Racer for the People: 1975 Yamaha TZ250B for Sale
A production roadracer with no street-legal counterpart, the Yamaha TZ250 was a water-cooled update of the older air-cooled TD and TR bikes. Designed so that privateers of the era could pop down to a local dealer and literally buy a bike over the counter that they could expect to be reasonably competitive, the TZ250 cleverly used many production parts to keep costs down: some engine parts were shared with the RD350 and various suspension bits were taken from existing machines.
Unlike the often exclusive Hondas, the TZ was an everyman machine, with moderate pricing and strong support in the aftermarket and what it lacked in outright power, it made up for in user-friendliness. But keep in mind that “user-friendly” is relative: in spite of the small displacement, this is a very highly developed racing motorcycle and will require a correspondingly high level of attention to keep it running.
Luckily, it appears that, although this bike has been sitting a while, it appears to have been owned by a racer, not a collector, and the original listing contains tons of detailed information about what has been done to set up, modify, and maintain this machine.
From the original eBay listing: 1975 Yamaha TZ250B for Sale
In 1981 I was newly out of high school, bumbling around, partying, chasing girls and trying to figure out my life. I desperately wanted to become a motorcycle road racer and was privileged to be offered a job as a mechanic at Cycle Works in Stamford, CT. As it turns out, a year later they were out of business.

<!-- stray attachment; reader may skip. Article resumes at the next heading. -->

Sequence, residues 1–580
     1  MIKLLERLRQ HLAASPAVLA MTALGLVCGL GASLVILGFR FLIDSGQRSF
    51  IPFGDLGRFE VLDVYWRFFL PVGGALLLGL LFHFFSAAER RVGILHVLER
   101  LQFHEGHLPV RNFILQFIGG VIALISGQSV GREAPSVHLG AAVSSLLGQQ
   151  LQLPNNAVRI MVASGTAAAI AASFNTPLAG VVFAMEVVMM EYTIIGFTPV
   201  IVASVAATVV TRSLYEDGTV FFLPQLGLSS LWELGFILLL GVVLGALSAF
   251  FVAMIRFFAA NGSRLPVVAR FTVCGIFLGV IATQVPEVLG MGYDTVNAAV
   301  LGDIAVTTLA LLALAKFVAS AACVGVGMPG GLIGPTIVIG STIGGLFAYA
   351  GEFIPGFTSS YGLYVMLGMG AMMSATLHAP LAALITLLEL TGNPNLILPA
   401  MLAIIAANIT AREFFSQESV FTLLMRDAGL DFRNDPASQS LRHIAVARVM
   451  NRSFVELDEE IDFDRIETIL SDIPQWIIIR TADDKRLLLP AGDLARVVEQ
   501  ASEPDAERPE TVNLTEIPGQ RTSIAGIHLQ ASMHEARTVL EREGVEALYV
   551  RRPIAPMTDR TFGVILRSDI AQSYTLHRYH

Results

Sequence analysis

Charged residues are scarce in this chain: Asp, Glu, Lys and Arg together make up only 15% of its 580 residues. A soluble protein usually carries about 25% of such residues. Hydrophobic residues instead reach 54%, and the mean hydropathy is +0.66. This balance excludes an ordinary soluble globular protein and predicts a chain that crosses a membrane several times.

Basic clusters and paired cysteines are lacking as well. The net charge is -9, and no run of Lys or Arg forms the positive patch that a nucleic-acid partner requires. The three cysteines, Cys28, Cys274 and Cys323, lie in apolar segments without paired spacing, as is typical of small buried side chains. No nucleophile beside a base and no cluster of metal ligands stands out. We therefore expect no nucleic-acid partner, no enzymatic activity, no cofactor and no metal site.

I say privileged because Cycle Works was one of the last “real” racing dealerships from the golden era of the nineteen seventies. This was the kind of shop that you could walk into and see a TZ250 or a race prepped RD400 for sale on the showroom floor or a TZ750 in line for service and race prep, I was twenty years old and thought I had died and gone to heaven. Years earlier, Mike Baldwin had worked there and had purchased and ran a TZ250. This TZ250. Learning to race on an RD350, I then graduated to this TZ250.
The TZ hasn’t seen much action in the last ten years and has spent most of that time in my living room. A few years back, I redid the motor which included: a freshly plated “F” model cylinder, new pistons, rings seals, bearing etc…, crank rebuilt by Lynn Garland. It has not been started since.
Previously I relocated the temp gauge holder to the opposite side so it wouldn’t interfere with the cables, I have the original tang. In early 2000, I replaced the original Koni’s with a pair of Works Performance shocks. The Koni’s will need to be rebuilt. Other than that it is a really nice example of an early seventies GP bike. It will have to be gone through if you intend to vintage race, but it’s really to valuable to be ridden in anger. (It is really fast though!) It also comes with a State of CT title, yes in 1981 you could walk into motor vehicle and register you race bike for the ride. Never rode it on the street though.
1974 saw the introduction of the TZ250B, but it was nearly identical to the “A” that was introduced in 1973. The later “C” of 1976 saw the frame changed to a more modern monoshock setup, but this twin-shock bike certainly has plenty of period charm.
With no takers yet at the $13,750 starting bid, this machine is obviously overpriced for the market, or just hasn’t managed to find its audience. Luckily for us, the seller took some very nice pictures for us to drool over as we indulge our own vintage racing fantasies…